Dance Review

Compagnie Käfig blazes across the stage

Yes, there were flying kicks and dazzling head-spins and brilliant back flips, and the whole affair was enlivened with a sense of sheer exuberance. But when Compagnie Käfig blazed across the stage of the Shubert Theatre Friday night in its Celebrity Series debut, it wasn’t just shallow physical virtuosity on display. Under the artistic direction of Mourad Merzouki, the choreography for these eleven engaging and athletically skilled young men from Rio de Janeiro thrums with underlying contextual allusions that gave the two works presented not just a visceral charge but emotional depth.

“Correria” (Running) explores the simple act of running. Or is it simple? Are the dancers running to or from? Are they stuck in place, or trapped by centrifugal force into endless circles? We see disembodied feet pedaling mid-air. Partnering sends dancers upside down or hoisted aloft, their churning legs going nowhere. At one point, a dancer runs in place in front of a film that shows his image gradually accruing extra legs, lifting him into the clouds. Hard-soled shoes on the ends of sticks give the dancers two sets of legs to stomp and kick. And amidst all this intriguing imagery, there is extraordinary dancing, a blend of hip hop, street dance, and Brazilian forms, mostly samba and capoeira, set to music that ranges from groove-heavy percussion to an opera aria. Acrobatic flips and tumbles segue into solos of sinuous ripples and jagged isolations, as if bolts of lightning were pulsing through the dancers’ bodies.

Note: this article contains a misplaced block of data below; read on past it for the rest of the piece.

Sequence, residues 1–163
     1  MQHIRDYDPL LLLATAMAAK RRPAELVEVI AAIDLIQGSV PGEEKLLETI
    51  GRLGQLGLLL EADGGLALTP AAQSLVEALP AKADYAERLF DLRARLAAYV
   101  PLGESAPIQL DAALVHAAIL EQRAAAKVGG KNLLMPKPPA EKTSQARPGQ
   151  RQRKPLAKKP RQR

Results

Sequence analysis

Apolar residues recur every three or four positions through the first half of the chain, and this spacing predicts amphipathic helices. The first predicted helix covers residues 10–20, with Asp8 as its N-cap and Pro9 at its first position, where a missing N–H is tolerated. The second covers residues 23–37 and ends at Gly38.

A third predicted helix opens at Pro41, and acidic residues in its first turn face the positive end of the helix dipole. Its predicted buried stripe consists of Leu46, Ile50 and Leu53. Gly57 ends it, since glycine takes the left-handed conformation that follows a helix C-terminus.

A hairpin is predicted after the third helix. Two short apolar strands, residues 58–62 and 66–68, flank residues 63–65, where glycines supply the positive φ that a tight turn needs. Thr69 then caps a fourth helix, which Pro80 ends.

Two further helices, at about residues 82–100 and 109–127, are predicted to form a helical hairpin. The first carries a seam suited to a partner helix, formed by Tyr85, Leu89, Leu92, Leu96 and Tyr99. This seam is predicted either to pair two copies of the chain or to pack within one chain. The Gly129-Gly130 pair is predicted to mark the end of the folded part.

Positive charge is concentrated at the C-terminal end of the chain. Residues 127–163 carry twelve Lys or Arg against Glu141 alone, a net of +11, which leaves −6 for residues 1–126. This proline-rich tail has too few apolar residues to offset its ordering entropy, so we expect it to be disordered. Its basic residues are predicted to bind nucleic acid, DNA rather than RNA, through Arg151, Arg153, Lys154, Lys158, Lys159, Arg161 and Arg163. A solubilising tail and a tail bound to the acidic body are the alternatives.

“Agwa,” as the title implies, has water as its loose focus. The work opens with dancers moving among hundreds of clear plastic cups. Stacked, they form wiggly towers. At other times, they are gleefully knocked down, forming a lake of glistening crystal, prompting a dancer to proclaim with mock dismay, “We must redo everything.” Lined up, the cups form channels through which dancers sashay with fleet footwork and shimmying hips, and the extraordinary Wanderlino Martins Neves flips through them end over end. Periodically, water is poured from the cups in shimmering streams. And thankfully, at work’s end, it is drunk by the dancers in grateful gulps.


The company ended the evening with a raucous finale that gave every dancer a more free-form moment to shine, smiles lighting up the theater.

Karen Campbell can be reached at